Which asset class is currently the most undervalued? Many commentators use valuation tools like p/e 10 or yield to assess the value of the stock and bond markets, and according to these measures both asset classes are somewhat expensive right now. While paying attention to such absolute valuation metrics is critical to investment success, so are relative valuation metrics. After all, as investors, we confront a world of finite asset classes and investment opportunities. Often we must choose the least-worst option from a set of unappealing alternatives and hope for the best. In this article, I argue that although stocks are not particularly attractive right now, they are a heck of a lot better than bonds or commodities.
The Bond Bubble
(Note: the corporate bond index is the BofA Merrill Lynch US Corp Master Total Return Index Value)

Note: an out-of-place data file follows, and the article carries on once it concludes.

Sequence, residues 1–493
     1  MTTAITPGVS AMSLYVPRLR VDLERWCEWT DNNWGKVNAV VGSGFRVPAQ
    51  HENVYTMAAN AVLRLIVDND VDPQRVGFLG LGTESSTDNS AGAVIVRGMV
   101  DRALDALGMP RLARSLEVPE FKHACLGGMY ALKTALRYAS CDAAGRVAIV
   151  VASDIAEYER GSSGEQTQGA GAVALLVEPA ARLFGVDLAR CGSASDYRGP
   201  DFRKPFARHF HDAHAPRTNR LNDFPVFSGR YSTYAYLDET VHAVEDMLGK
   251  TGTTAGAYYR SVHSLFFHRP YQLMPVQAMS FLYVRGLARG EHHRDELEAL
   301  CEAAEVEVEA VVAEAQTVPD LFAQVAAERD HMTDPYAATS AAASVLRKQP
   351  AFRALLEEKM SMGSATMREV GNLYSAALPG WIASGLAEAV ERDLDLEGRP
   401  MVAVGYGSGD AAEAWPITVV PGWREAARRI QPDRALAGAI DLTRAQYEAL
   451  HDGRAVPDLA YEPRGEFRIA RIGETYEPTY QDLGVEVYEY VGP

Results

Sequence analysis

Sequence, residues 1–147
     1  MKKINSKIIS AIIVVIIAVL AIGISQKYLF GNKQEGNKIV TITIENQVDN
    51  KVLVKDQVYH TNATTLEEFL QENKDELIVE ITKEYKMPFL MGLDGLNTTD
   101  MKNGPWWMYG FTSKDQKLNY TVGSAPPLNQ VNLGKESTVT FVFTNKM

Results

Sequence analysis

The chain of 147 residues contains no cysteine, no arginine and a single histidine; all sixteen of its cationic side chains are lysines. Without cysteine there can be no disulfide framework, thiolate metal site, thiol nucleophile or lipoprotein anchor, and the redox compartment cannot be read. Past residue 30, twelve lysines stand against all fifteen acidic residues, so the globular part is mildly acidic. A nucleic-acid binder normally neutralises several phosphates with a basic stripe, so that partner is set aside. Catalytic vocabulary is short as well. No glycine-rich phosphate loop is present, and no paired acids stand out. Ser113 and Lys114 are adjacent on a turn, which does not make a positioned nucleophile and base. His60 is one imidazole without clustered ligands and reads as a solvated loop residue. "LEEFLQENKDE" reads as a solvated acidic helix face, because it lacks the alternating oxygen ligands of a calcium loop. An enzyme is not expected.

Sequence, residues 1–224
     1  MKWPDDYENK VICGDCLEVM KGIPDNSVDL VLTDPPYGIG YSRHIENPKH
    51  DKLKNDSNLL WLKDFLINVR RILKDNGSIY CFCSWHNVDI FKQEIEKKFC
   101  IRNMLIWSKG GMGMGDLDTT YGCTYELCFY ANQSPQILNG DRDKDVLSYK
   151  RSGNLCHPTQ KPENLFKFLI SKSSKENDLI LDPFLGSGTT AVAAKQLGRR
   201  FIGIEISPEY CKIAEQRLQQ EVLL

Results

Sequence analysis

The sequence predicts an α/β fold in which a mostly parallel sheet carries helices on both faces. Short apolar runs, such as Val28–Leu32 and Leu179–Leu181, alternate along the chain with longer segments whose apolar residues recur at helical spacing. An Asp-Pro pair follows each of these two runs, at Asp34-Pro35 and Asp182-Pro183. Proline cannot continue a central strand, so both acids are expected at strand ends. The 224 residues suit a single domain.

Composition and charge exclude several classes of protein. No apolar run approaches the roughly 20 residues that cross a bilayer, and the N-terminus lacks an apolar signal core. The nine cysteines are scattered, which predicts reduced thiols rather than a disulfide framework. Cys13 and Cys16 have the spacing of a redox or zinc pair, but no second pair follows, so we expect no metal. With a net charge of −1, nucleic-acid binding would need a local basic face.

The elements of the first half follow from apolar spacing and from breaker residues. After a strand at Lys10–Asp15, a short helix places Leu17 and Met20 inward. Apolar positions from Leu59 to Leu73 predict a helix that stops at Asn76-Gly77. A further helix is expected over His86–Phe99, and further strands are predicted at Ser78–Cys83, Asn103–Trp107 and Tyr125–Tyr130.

Although the price of bonds relative to equities is off the charts, the most recent times when the relative price approached such levels was in 1994 and 2003. Good times to exchange your bond holdings for equities.
The Commodities Bubble
Commodities have been an even better investment in the last decade than bonds. Because "commodities" is such a diverse asset class, I'll compare stocks with two commodities, oil (OIL) and gold (GLD). While both oil and gold represent hedges against inflation and certain types political risk, oil is also a bet on world economic recovery while gold is a favorite for those fearing currency crises or economic collapse. Here's the S&P 500 relative to Oil:
(click to enlarge)The equities to oil price ratio isn't quite back down to where it was in the early 1980s, but it's pretty close. Once again, stocks look pretty cheap. Here's the S&P 500 relative to gold:
In conclusion, I believe that stocks are the least-worst asset class for investors right now. Compared with bonds, oil and gold, stocks are at historically cheap levels. Given current valuations in the stock market, its is quite possible that returns going forward will be lower than the historical average. But in relative terms, stocks are a bargain and will probably outperform bonds and commodities in the coming years. Beggars can't be choosers.